‘Mystery Team’ (2009) – IMDb: 6.6/10
For Plaza, 2009 was a crucial year. She appeared in a supporting part in Judd Apatow’s Funny People that same year, as well as Parks and Recreation. Her work in Mystery Team, a movie by Dominic Dierkes, DC Pierson, and Donald Glover’s sketch comedy troupe Derrick Comedy, is less well-known.
It’s a silly comedy about three amateur detectives who aim to solve a double homicide case to show that they are “real” detectives. It’s a very low-budget production that comes out as unprofessional, but it provides an interesting look at Plaza and Glover’s early careers before they went on to popularity, success, and (in Glover’s case) various career eras.
‘Ned Rifle’ (2014) – IMDb: 6.2/10
The most recent film by Hal Hartley, who made the legendary 1990 black comedy Trust, is Ned Rifle. It is the third and final picture in a trilogy that also features Henry Fool and Fay Grim. The title character, played by Liam Aiken, is the son of the two previous films’ leads. While his mother is serving a prison sentence, Ned has been living under witness protection. He sets out into the world on his 18th birthday in an effort to track down and murder his missing father.
Susan (Plaza), a broke college student who has her own motivations for locating Ned’s father, complicates Ned’s strategy. The story that follows is oddly humorous, travels quickly from scene to scene, and packs a lot into its short 85-minute running time.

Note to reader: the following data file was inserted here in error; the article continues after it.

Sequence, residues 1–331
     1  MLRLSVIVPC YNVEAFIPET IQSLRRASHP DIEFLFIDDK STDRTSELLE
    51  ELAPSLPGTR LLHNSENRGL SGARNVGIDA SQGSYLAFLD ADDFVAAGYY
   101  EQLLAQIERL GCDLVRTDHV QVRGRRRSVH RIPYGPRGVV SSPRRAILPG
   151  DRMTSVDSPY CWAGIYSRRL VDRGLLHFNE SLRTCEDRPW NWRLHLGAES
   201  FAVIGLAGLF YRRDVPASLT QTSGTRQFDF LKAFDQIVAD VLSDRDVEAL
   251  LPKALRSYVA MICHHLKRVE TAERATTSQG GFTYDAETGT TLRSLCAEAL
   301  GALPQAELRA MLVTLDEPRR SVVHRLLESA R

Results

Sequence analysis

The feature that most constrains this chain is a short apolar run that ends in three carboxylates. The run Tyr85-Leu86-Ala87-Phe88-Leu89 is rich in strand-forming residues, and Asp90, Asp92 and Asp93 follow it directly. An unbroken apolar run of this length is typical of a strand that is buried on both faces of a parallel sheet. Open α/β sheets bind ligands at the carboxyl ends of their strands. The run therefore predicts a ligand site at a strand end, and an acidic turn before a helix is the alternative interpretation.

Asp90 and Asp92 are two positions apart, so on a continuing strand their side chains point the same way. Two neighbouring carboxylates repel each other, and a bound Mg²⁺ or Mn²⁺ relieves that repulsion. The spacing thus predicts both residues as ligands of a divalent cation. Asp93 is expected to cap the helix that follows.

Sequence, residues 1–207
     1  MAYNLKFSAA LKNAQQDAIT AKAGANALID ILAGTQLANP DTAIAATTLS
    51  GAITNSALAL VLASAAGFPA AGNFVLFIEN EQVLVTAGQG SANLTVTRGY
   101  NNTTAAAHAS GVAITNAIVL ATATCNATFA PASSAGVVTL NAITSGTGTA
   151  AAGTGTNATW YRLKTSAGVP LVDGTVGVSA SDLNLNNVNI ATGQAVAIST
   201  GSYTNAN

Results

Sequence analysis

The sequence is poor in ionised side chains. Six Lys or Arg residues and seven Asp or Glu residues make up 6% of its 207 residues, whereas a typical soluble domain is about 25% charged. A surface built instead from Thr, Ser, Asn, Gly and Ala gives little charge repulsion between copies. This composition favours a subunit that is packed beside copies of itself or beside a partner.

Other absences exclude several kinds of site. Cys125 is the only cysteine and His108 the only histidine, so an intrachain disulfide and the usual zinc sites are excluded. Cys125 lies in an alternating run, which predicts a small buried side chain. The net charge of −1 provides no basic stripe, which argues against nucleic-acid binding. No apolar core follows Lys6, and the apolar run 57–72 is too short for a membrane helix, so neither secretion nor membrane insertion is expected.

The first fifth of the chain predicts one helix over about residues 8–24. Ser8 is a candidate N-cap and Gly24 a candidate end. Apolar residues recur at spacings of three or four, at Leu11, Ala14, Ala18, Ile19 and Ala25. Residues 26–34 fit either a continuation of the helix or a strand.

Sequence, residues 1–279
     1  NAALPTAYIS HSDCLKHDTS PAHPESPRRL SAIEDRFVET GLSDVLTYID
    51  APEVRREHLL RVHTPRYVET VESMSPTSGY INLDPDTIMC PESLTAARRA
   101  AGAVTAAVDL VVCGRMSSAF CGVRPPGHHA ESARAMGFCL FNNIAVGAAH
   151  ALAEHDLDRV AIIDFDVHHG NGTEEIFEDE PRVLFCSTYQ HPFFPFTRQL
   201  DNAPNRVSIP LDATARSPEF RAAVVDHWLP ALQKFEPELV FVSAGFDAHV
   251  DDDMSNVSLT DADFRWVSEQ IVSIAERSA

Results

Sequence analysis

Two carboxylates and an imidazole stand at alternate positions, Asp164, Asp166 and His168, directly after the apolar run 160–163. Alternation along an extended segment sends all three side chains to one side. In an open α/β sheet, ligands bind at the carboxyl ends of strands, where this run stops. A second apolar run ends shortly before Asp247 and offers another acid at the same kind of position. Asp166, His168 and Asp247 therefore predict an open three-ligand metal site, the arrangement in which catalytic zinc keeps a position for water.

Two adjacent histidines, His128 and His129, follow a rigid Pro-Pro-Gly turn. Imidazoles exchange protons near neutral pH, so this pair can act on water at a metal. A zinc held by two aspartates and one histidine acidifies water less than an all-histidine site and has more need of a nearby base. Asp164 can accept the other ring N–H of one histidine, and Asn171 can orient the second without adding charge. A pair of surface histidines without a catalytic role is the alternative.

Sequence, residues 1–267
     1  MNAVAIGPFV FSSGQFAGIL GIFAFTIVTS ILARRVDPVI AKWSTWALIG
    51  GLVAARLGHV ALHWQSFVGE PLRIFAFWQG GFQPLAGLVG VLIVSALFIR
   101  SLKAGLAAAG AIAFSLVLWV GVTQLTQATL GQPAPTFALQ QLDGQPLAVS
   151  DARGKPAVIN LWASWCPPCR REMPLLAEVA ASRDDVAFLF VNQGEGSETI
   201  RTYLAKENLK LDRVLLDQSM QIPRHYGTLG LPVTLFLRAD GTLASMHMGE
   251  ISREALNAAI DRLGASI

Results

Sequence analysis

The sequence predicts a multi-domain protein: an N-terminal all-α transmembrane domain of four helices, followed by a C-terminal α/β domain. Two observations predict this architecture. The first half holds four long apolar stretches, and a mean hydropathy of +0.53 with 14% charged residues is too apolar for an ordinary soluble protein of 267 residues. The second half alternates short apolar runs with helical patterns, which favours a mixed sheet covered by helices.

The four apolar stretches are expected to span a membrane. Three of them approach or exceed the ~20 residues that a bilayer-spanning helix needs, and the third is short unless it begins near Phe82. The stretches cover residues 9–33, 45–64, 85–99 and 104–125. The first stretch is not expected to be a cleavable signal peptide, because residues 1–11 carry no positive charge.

‘Safety Not Guaranteed’ (2012) – IMDb: 6.9/10
In this science fiction comedy from Jurassic World director Colin Trevorrow, Plaza co-stars with Mark Duplass. Plaza plays magazine intern Darius, who is asked to look into a classifieds item that asks for a partner for a time-travel mission by one of the writers (Jake Johnson).
Darius disguises himself as a job applicant and starts interacting with the eccentric, heartbroken Kenneth (Duplass), the author of the job posting, who says he has a time machine that he plans to use to reunite with his long-lost love. It’s a surprisingly heartfelt romantic comedy that gives time travel clichés a new spin.
‘Scott Pilgrim vs. the World’ (2010) – IMDb: 7.5/10
Plaza plays the sarcastic Julie Powers in Edgar Wright’s overly stylized Scott Pilgrim vs. the World. She regularly swears at Scott (Michael Cera), who she treats particularly badly. They’re called jobs, something a *censored* ball like you wouldn’t know anything about, and For the Record, I am so pissed off for you right now, are just a couple of the amazing quotes from Julie.
Wright and Bryan Lee O’Malley, the creator of the first Scott Pilgrim comic, even went so far as to divulge ten character-related secrets to Plaza in order to enhance her portrayal of the character. Wright expressed his delight at the Scott Pilgrim casting and said that he had already chosen Plaza before she made an appearance in Funny People or Parks and Recreation. Plaza had a vital influence in helping to propel her to her current position.